Hiron Ennes offers a cornucopia of weird in their first novel, Leech. An unnamed doctor is sent to a remote castle in the soon-to-be-snowbound northern state of Verdira. It’s rundown, the ruling Baron is well on his way to being a cackling madman, twin teenaged girls haunt the halls, their hair entwining them into pseudo-Siamese twins, their mother is pregnant again, as slime, rot, darkness and decay seem to be the real rulers here. Our unnamed protagonist is replacing his predecessor, who died for unknown reasons. The writing is elegant and decadent.
But the weirdest star in the sky is not in the opulent setting or the unusual (to say the least!) characters. Happily, it’s in the literary arena where Ennes plants their flag. Our narrator, the storytelling voice, is the unnamed doctor, or rather, the hive mind of the parasite that uses the body – and many others – to, it tells us, keep humans safe. It sees not just what’s going on at the castle, but many other places as well. And it’s here to solve a murder that should not have been possible.
Even as Ennes leans into intelligent and imaginative literary innovation, they drive forward through layers of slime and grotesquerie that might be off-putting, were they not so elegantly (and enthusiastically) employed in the narrative. And while they’re an expert (their day job is in infectious disease) at the slime-slinging, they’re also a wonderful explorer of the conceptually grotesque. Payoff scenes, and there are many, as often include perspective turns – everyday events made really, really weird and unsettling – or upside-down ideas as well as pseudopods, tendrils emerging from orifices, and things that go squick in the night.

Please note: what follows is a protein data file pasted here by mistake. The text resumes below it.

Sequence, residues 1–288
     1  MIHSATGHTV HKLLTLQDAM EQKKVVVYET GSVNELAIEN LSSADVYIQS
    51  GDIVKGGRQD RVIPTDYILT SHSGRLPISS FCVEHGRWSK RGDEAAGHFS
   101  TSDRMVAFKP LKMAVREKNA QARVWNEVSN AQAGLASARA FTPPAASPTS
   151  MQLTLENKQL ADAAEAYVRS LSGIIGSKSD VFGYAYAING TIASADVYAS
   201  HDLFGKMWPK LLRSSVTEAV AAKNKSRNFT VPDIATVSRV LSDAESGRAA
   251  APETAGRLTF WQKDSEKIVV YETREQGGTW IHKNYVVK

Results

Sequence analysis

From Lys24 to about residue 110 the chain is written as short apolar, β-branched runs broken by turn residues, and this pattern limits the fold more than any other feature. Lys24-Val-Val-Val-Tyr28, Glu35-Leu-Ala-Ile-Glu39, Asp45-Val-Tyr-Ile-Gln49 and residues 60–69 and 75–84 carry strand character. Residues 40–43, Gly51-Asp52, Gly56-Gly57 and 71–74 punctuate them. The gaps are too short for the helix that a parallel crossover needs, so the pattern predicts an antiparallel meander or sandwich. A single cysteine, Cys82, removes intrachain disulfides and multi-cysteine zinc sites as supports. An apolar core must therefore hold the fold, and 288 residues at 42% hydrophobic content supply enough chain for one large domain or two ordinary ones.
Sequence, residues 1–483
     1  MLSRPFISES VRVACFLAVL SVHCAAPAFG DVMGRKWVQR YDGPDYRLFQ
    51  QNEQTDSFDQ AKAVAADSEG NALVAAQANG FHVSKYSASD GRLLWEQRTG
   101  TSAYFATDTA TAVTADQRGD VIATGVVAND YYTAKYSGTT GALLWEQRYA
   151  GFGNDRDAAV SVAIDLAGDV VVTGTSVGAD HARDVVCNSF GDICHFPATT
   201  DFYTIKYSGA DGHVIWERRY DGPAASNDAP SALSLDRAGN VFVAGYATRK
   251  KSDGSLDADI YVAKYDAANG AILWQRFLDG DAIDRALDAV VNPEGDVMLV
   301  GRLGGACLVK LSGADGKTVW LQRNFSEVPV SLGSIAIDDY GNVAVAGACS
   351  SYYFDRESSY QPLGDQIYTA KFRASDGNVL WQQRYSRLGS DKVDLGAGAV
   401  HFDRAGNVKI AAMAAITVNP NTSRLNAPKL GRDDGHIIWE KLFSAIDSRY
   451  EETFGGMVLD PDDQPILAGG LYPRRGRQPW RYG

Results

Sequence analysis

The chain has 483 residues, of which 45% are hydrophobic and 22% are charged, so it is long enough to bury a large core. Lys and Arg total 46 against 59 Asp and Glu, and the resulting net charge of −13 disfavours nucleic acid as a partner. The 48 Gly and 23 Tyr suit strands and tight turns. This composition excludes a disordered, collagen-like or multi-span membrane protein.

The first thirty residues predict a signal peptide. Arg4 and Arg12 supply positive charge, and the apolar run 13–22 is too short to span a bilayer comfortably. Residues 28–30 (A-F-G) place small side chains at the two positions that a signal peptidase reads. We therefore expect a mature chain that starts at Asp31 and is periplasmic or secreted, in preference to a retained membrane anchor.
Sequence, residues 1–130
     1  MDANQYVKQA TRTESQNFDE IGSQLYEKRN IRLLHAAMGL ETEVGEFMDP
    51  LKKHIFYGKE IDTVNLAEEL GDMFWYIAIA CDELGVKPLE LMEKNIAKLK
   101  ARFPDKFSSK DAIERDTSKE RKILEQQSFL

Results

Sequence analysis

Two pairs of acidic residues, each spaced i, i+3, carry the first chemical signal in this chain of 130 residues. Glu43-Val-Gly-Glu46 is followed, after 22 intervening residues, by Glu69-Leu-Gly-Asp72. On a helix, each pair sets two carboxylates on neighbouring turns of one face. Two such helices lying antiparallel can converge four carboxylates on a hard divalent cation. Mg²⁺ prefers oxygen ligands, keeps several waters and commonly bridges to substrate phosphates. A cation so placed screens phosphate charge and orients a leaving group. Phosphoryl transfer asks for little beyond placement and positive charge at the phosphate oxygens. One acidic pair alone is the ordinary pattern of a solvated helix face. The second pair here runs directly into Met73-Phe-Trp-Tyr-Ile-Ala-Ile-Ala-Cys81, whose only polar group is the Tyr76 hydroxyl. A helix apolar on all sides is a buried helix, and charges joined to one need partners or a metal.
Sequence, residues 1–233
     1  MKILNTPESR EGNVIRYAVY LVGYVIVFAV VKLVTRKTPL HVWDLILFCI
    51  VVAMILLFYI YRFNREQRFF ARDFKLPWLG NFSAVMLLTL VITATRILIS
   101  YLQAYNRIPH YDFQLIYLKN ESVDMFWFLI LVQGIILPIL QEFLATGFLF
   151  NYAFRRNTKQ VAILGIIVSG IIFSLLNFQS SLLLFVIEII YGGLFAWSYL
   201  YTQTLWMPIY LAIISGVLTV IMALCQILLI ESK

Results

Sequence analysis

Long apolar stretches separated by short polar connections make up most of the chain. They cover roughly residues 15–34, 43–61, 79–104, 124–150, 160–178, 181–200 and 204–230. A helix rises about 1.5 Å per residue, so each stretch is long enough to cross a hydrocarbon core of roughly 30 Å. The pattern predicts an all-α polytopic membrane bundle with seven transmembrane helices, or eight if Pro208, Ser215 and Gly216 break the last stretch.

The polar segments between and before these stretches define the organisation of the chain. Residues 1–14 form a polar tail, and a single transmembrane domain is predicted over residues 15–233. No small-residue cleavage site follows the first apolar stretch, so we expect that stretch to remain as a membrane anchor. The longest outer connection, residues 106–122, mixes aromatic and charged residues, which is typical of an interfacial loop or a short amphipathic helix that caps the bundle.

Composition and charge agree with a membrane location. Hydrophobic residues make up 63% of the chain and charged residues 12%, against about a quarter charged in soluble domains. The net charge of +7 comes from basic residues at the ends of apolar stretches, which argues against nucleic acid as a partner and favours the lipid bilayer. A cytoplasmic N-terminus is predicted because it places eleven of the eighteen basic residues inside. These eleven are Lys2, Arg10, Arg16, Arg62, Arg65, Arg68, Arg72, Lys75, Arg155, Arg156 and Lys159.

Happily the net effect of all this is a sort of cheerful sense of discovery as one jollies one’s way through ichor and narrative twists. There’s a dark, dark sense of humor that bubbles and pops here and there. Even when characters are mucking their way through icky sticky goo, the plot is pumping as fast as an unhinged heart. Ennes does not need to show off, they are off. Some readers might think themselves not ready for this book, but they’d be wrong. Great writing dripping in blood and slime is great writing. Reward yourself. But maybe read in a well lit, clean and orderly room that is not in a hospital.
Needless to say, Hiron Ennes is a hoot to speak with. We verged on having too much fun, which you can download from this link, or fire off below. Remember, all the blood is inside you.